When Charles Miller, chairman of the federal Commission on the Future of Higher Education, recently delivered the panel’s report to Secretary of Education Margaret Spellings, he took the rare step of including a scathing “personal” letter about the system for financing higher education, which he rightly describes as “dysfunctional.”
As The Chronicle of Higher Education reports, Mr. Miller decries “the lack of transparency regarding pricing, which severely limits the price signals found in a market-based system” and the absence of “incentives necessary to affect institutional behavior so as to reward innovation and improvement in productivity.” The system is geared only to raising revenues – “a top line structure with no real bottom line.” He also calls for an “intense examination and skeptical analysis” of university research expenditures, which he sees as “a major ‘cost driver’ in higher education” (News Blog, “Charles Miller Assails Private and Research Universities in ‘Personal’ Letter,” September 9). But of course. The system has cried out for decades for financial discipline and quality control, although precious little is ever done to fix it, and surely not from “the inside” – that is, intra-institutionally by governing boards, administrators and faculties.
Yale professor Donald Kagan recently said as much as much with reference to “taming the imperial faculty,” in “As Goes Harvard…” in the September issue of Commentary:
no president…almost none is willing to try; and no one else from inside the world of the universities or infected by its self-serving culture is likely to stand up and say “enough,” or to be followed by anyone if he does. Salvation, if it is to come at all, will have to come from without.
Due to this void of leadership, the following “conventional” internal reforms go largely untried:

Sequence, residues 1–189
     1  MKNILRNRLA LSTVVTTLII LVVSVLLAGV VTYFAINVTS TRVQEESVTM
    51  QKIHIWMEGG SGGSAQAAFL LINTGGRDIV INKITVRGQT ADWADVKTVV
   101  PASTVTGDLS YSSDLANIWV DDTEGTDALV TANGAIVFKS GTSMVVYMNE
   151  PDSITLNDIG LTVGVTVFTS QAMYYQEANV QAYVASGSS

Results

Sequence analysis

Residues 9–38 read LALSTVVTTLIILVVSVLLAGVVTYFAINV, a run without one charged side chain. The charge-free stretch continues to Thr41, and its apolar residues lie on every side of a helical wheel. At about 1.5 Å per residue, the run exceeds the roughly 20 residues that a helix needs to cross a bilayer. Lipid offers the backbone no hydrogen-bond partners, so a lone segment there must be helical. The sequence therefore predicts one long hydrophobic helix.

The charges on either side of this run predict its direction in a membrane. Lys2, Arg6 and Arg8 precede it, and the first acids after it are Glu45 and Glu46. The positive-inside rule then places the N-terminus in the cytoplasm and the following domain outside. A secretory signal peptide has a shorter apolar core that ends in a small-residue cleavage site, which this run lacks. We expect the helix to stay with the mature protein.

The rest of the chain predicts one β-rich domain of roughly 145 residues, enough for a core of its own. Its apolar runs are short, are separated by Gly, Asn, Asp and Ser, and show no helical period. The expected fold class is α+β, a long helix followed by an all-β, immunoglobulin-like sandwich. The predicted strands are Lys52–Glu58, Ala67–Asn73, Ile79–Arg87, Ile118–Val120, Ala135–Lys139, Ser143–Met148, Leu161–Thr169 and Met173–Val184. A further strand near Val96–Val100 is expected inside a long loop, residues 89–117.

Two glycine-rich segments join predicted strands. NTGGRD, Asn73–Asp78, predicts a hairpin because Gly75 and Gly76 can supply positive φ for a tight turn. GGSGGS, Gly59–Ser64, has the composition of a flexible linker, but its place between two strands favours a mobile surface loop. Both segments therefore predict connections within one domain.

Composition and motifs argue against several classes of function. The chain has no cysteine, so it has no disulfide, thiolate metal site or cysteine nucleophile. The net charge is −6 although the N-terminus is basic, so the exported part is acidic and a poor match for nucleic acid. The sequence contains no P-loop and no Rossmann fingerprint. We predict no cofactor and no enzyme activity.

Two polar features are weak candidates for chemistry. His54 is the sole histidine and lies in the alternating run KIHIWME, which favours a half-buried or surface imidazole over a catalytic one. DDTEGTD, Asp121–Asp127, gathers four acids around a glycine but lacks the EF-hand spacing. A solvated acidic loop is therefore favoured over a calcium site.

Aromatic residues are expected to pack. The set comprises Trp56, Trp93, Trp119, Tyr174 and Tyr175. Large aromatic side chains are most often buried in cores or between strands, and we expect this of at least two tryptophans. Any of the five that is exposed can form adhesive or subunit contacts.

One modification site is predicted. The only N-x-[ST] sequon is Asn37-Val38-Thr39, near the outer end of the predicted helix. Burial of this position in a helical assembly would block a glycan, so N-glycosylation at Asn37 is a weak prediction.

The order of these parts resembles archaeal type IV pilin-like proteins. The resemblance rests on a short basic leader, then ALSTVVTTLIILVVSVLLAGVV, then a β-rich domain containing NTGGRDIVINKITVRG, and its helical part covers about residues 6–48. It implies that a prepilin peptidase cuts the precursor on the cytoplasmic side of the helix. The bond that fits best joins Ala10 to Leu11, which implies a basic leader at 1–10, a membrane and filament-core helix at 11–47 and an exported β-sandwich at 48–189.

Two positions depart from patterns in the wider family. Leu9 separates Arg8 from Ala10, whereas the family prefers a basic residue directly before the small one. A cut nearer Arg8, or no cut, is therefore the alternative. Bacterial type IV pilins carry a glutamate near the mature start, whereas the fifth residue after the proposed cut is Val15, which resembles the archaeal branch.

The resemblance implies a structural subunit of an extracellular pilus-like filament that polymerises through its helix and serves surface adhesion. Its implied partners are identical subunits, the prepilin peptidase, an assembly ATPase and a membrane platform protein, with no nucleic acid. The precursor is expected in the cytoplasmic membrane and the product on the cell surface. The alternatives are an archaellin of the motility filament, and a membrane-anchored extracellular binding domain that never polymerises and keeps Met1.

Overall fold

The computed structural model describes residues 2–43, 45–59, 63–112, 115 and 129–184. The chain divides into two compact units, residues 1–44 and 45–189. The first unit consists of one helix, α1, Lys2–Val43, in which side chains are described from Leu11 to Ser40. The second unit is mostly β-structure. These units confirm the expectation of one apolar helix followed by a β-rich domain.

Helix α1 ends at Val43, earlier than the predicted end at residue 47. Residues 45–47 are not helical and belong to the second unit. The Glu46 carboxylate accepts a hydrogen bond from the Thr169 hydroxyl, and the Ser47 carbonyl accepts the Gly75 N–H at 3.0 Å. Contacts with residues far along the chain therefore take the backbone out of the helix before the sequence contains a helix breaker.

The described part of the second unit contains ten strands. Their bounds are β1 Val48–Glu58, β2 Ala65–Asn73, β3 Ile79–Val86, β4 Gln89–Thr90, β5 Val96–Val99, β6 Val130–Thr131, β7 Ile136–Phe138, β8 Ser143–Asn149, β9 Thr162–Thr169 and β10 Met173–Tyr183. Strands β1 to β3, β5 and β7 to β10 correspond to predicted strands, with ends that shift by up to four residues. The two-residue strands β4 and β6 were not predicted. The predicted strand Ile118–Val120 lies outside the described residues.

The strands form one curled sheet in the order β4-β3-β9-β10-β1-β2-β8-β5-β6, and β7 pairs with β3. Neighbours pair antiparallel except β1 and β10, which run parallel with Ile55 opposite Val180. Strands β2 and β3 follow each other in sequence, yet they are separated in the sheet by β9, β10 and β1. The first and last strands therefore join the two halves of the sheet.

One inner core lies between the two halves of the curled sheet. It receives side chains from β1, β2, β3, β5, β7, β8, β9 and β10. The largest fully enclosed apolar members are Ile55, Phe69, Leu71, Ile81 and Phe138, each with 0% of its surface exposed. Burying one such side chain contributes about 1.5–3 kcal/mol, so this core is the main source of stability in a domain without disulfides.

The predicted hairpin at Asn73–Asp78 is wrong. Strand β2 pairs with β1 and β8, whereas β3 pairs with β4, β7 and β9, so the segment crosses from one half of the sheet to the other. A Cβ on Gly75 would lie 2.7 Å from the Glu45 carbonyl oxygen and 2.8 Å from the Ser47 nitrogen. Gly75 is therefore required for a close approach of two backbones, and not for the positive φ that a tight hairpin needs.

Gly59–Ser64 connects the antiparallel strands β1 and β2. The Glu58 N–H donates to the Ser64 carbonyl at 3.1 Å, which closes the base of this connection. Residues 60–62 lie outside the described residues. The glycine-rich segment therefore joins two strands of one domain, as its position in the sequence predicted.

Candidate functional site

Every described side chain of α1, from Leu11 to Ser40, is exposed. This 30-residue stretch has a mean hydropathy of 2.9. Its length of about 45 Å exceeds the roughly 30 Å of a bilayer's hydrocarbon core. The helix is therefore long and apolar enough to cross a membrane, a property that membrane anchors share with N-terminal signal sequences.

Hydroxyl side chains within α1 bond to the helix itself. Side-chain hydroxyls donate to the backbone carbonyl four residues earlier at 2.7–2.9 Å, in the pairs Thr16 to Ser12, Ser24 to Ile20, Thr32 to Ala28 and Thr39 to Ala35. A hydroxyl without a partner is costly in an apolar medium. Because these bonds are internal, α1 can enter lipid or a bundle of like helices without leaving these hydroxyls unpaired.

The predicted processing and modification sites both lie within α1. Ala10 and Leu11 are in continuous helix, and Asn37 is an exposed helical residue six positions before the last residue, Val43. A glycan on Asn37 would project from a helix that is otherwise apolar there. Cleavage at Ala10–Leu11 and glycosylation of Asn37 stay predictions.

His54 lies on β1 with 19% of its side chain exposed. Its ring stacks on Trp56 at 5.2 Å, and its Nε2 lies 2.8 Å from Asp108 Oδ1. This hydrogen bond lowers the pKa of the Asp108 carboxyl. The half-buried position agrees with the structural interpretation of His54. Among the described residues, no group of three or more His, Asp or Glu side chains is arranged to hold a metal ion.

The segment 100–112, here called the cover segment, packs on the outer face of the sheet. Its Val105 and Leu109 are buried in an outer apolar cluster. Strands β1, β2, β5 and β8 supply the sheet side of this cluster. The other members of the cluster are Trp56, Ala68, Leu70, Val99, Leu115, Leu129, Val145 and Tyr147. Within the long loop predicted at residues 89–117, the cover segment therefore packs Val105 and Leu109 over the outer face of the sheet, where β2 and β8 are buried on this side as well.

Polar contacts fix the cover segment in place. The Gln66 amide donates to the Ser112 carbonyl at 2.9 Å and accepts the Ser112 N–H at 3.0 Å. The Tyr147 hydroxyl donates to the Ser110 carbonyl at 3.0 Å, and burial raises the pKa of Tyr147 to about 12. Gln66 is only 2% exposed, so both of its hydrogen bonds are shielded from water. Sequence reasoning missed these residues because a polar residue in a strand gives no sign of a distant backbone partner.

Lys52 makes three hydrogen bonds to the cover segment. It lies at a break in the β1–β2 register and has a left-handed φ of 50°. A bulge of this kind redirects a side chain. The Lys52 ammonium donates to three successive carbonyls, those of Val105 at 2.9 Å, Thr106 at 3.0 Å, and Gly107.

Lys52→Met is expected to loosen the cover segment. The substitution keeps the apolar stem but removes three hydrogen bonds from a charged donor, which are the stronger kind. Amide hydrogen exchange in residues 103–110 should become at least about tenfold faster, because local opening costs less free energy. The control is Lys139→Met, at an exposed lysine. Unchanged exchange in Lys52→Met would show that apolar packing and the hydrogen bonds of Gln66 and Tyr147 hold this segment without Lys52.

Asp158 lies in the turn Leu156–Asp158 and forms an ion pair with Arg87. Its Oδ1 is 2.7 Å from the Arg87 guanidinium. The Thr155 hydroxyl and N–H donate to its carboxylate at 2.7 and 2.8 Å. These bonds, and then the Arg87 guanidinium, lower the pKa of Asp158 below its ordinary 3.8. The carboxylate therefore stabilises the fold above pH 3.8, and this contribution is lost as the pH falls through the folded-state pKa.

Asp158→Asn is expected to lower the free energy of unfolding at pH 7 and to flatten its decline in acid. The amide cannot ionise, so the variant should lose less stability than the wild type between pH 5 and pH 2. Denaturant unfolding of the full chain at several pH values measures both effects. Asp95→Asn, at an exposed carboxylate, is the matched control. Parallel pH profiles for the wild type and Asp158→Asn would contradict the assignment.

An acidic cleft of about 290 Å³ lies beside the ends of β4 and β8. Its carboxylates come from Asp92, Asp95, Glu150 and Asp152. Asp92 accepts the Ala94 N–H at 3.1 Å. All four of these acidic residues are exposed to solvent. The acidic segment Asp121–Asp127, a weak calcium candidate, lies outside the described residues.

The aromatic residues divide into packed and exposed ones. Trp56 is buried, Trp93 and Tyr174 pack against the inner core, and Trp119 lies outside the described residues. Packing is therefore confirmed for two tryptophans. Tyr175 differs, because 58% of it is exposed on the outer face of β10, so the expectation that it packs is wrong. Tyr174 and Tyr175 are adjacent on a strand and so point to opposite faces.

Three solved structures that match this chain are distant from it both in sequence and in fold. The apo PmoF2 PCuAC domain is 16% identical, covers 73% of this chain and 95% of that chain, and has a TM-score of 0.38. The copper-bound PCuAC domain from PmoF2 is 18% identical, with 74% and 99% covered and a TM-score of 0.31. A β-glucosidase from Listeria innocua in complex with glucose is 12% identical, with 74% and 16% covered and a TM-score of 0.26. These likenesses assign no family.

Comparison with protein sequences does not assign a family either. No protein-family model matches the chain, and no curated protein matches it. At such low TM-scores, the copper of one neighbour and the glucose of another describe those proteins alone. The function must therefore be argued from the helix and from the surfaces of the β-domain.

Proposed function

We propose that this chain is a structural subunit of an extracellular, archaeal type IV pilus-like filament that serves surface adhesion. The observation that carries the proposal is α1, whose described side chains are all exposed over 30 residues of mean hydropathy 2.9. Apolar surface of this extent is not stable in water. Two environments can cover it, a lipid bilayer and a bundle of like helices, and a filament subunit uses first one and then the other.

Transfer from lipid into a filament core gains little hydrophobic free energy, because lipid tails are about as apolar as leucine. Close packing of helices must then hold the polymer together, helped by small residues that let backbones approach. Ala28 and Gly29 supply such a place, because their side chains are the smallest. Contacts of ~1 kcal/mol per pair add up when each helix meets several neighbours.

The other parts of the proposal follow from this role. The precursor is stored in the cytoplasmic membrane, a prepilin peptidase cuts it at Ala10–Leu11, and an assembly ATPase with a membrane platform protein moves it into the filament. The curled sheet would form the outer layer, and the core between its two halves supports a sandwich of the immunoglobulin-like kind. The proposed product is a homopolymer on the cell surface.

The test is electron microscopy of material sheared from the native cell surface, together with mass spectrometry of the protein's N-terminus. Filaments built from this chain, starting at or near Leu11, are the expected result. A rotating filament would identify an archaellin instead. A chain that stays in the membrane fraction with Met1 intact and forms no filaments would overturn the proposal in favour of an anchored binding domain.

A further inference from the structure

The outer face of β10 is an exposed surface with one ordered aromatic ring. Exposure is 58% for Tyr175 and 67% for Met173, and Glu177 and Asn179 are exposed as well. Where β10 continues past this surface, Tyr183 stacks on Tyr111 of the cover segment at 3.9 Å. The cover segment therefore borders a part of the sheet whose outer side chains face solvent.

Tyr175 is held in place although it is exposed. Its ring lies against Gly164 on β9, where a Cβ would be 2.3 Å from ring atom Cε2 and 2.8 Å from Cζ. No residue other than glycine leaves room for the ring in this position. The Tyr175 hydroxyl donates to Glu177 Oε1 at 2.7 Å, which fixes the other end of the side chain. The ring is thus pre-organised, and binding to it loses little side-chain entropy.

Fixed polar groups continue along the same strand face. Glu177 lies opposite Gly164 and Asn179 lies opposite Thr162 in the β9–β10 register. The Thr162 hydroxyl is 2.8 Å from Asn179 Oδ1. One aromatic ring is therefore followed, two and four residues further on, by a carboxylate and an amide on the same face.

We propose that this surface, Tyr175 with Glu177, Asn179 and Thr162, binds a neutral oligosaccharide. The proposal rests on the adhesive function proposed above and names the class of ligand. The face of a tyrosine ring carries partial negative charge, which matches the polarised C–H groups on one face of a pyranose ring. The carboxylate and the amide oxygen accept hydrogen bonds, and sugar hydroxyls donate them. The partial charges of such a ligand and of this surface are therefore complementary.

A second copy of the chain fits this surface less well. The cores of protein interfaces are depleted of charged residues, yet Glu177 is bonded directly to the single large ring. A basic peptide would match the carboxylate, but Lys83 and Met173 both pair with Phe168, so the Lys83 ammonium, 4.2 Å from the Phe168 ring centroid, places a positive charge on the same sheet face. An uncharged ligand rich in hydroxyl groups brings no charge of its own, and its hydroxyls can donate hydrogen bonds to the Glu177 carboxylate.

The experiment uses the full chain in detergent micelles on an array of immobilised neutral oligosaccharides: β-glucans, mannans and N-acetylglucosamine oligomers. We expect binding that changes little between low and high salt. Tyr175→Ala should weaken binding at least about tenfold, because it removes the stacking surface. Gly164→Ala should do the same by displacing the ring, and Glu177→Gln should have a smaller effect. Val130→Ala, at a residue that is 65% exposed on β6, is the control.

- performance-based strategic planning
- hiring reform-minded campus CEOs
- instituting greater transparency regarding campus affairs
- expanding faculty teaching loads where feasible
- reducing swollen administrative staffs
- combining under-utilized academic programs and eliminating those of dubious value
- having boards formally acknowledge (in the words of Steve Balch, president of the National Association of Scholars) the importance of competing viewpoints “in adversarial fields” and increasing “the institutional sites in which [they] can flourish”
- tightening time-to-degree requirements
- reducing non-instructional expenditures on campuses
- making maximal use of existing campus facilities and services (for instance, by offering year-round classes and sharing facilities with neighboring public and private institutions)
- reviewing and improving all curricula
- assessing for “value-added” student learning
- fostering intellectual diversity and tolerance on campuses, for example, by adopting the statement by ACE and other higher education organizations on this matter
- reforming hiring and tenure procedures to ensure that quality of teaching and research (as opposed to political conformity and cronyism) is the standard for faculty employment
- putting an end to the current failed accreditation system
- and stopping out-of-control grade inflation by requiring college transcripts to include a student’s grades along with the percentage of classmates awarded the same grade in a particular class.
I wager Mr. Miller would approve, or at least have an open mind to, many if not all of these reforms, which could set higher education on a sounder path. But the Commission report, although valuable in some respects, is reform-light and merely advisory and, as such, does not translate into institutionalizing needed change. I urge Mr. Miller and Secretary Spellings – post the limited reverberations of the Commission report – to lend vocal support to at least granting a hearing for deep structural university reform, and perhaps even to the creation of external (federal and state) incentives for achieving such change. Possible approaches include:
- the instituting of “charter colleges” that hire their own managers, set their own curricula and perhaps even set their own faculty contracts
- privatizing public higher education via vouchers, scholarships or tax-credits, on the assumption that greater student choice might facilitate the demand for improved institutions
- encouraging the rise of for-profit institutions dedicated to offering high-quality, student-focused, outcomes-oriented liberal arts education
- and even (as Mark Oppenheimer advocates, and contingent on eliminating accreditation and the provision of evidence of strong student achievement) having students band together (medieval-style) to hire the many brilliant and under-employed Ph.D.s to offer college-level courses in one’s living room.
May your letter be a prelude to future leadership to come, Mr. Miller. And may your response to the Commission’s report point the way toward “salvation from without,” Secretary Spellings.